South Atlantic Argo Regional Center

Argo Capacity Building for the Atlantic Countries of Africa
University of Ghana, Department of Oceanography & Fisheries
Accra, Ghana
December 5-7, 2006

Agenda & Presentations | Contacts for Visa | Details | Instructions to Speakers


A workshop is schedule for 2006 in Ghana to address issues relating to regional capacity building on Argo data access and applications to monitor, predict and mitigate the adverse impacts of variations in ocean temperatures, salinity and currents on the Atlantic countries of Africa (Morocco to South Africa). Ocean variability in the eastern tropical and South Atlantic has been shown to directly impact on both the rainfall variability of western Africa and regional fisheries. This impact is directly felt on the water and agricultural resources of these regions of Africa, their food security, land use, ecosystems and biodiversity. The Argo program will provide new and valuable data to address these issues. Thus, the rationale for this meeting is provided by regional needs and the new ocean observing system, Argo.


The workshop will:

To achieve these aims, the workshop seeks to use a team of several international experts who will present a set of core lectures on Argo float technology, implementation and application in conjunction with a set of workshop exercises that will address the specific issues listed above. Focus will be placed on the eastern Atlantic from Morocco south to Cape Agulhas, and thus include all the coastal upwelling areas along the western African coast with their rich marine biodiversity and coastal fisheries as well as areas prone to harmful algal blooms, low oxygen events and other extreme events that have a substantial impact on marine life and the economies of the neighboring coastal communities.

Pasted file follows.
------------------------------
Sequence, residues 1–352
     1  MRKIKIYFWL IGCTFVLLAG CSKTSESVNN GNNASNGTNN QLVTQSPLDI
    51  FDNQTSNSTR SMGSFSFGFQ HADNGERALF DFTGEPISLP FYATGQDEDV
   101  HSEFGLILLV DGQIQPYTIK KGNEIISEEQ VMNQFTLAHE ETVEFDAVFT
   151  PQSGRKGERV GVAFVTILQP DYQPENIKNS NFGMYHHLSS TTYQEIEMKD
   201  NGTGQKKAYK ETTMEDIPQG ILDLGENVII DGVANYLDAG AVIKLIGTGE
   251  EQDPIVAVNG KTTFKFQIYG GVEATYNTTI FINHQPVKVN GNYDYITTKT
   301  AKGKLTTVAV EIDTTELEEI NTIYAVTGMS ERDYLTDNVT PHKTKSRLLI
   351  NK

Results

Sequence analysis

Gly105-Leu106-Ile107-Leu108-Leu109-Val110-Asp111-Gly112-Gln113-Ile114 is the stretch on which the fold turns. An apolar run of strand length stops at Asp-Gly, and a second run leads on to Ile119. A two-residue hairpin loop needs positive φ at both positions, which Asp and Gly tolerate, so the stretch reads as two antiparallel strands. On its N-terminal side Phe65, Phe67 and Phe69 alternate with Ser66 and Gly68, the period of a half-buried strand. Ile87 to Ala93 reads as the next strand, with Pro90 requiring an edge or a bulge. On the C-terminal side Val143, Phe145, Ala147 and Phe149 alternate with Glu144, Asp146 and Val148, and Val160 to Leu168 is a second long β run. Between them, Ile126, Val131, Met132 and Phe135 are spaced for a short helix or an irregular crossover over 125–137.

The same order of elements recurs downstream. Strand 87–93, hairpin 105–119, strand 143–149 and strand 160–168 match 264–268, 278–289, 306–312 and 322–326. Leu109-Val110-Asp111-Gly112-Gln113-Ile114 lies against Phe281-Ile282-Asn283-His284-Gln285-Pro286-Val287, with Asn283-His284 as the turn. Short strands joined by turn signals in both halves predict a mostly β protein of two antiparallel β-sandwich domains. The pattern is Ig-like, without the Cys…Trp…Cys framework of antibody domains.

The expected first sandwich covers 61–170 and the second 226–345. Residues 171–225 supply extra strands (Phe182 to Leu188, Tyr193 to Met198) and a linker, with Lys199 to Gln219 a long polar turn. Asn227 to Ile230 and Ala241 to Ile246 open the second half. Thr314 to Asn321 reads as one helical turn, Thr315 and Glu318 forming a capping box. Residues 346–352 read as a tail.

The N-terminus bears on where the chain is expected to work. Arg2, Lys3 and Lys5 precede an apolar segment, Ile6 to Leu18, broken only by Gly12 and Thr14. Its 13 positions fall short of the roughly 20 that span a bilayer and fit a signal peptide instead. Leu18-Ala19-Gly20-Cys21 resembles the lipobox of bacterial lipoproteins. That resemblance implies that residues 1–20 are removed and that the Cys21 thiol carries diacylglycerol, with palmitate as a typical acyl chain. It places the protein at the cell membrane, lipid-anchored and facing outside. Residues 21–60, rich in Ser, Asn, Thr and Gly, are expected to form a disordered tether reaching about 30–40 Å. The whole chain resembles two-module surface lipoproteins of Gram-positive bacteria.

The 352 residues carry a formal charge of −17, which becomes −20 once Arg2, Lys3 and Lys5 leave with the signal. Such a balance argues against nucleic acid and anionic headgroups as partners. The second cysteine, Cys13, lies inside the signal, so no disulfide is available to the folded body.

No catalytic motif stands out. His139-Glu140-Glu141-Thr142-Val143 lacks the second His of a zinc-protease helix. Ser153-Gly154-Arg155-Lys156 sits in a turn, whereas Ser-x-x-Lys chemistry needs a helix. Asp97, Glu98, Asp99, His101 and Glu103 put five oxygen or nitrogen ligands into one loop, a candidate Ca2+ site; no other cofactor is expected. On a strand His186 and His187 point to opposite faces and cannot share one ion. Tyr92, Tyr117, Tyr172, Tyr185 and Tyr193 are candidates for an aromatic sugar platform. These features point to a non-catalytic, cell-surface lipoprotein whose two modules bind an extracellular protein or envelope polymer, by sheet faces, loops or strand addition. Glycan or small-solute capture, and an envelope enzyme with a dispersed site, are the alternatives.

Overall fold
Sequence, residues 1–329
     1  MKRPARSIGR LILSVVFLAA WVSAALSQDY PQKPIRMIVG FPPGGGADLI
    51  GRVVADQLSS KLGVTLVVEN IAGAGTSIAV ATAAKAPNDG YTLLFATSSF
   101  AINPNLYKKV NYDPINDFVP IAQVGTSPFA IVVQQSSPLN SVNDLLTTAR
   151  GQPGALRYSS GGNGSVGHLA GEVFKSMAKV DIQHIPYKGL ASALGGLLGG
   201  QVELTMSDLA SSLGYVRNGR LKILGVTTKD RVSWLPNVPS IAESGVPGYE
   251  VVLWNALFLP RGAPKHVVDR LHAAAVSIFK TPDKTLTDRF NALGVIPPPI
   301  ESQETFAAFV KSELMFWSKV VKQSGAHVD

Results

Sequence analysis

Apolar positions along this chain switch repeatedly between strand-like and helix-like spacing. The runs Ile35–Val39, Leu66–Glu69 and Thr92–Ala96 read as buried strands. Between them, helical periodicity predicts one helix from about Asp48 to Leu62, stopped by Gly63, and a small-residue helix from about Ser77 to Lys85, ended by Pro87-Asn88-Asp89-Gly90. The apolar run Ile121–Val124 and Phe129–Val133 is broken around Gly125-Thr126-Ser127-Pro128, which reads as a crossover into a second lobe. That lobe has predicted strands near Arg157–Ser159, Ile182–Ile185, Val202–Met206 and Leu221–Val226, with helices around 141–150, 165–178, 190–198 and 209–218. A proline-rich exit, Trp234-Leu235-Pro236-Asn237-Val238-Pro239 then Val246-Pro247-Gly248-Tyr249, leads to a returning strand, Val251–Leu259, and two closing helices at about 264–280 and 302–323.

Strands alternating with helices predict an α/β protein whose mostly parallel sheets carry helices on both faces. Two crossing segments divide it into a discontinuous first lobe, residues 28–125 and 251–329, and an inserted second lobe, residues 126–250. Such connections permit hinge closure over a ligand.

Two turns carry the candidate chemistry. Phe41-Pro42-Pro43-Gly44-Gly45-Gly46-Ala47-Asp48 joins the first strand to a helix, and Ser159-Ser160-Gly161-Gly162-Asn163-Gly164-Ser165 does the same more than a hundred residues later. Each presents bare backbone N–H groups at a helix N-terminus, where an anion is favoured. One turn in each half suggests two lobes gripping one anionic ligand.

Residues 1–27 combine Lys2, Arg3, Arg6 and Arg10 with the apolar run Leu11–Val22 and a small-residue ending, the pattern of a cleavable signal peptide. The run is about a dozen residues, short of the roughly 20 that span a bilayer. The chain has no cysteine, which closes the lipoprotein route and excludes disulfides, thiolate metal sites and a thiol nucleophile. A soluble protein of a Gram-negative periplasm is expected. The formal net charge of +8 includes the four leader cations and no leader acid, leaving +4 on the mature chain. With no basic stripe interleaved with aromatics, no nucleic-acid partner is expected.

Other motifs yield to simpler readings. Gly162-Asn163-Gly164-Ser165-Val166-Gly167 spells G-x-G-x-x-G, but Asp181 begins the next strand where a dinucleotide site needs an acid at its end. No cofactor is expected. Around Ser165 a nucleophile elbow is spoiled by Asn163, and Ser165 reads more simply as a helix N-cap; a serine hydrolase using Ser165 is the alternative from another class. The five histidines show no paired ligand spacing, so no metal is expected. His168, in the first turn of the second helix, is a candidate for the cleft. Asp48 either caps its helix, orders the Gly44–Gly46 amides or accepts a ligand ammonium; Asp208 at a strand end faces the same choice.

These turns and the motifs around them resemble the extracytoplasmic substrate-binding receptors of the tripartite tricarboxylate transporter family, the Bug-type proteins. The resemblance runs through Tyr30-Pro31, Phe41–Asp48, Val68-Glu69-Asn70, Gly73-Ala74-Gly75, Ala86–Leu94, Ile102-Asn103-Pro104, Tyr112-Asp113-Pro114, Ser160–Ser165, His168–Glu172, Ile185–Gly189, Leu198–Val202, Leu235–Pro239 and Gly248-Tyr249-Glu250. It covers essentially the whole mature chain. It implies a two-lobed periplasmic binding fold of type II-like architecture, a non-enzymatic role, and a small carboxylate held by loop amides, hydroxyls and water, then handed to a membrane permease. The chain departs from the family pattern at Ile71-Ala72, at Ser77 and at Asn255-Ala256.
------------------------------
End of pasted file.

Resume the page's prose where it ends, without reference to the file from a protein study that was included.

The invited lecturers will be drawn from experts in Argo, AOML and operational centers. Specifically, AOML will provide speakers on data management of Argo measurements, integration of Argo data with other observations and generation of product for operational uses. AOML will contact U.S operational centers to seek speakers or presentations on using ocean products for climate and eco-system prediction purposes.

It is envisaged that of order 20 participants from operational meteorological and oceanographic agencies in the Atlantic rim countries of Africa (i.e.. Morocco south to South Africa) as well as participants from appropriate research institutions will attend the workshop. However, the exact numbers of participants will depend to some extent on the number of invited lecturers so that an efficient and appropriate staff/student ratio is maintained.


Around 15-20 participants from African operational agencies and research institutions will be invited to attend, to improve their capabilities in applications of Argo floats to the eastern Atlantic Ocean, ocean and climate variability diagnostics, ocean and climate prediction, and assessing the predictability of various important components of the regional climate system. These participants are expected to take the knowledge and skills acquired at the workshop and implement it in their home centers. Follow-up activities and contacts will be maintained to help ensure that the capacity building emanating from the workshop is ongoing.
The workshop will facilitate contacts, and research and operational science developments between about twenty African countries and between these countries and international experts from the U.S. and Europe.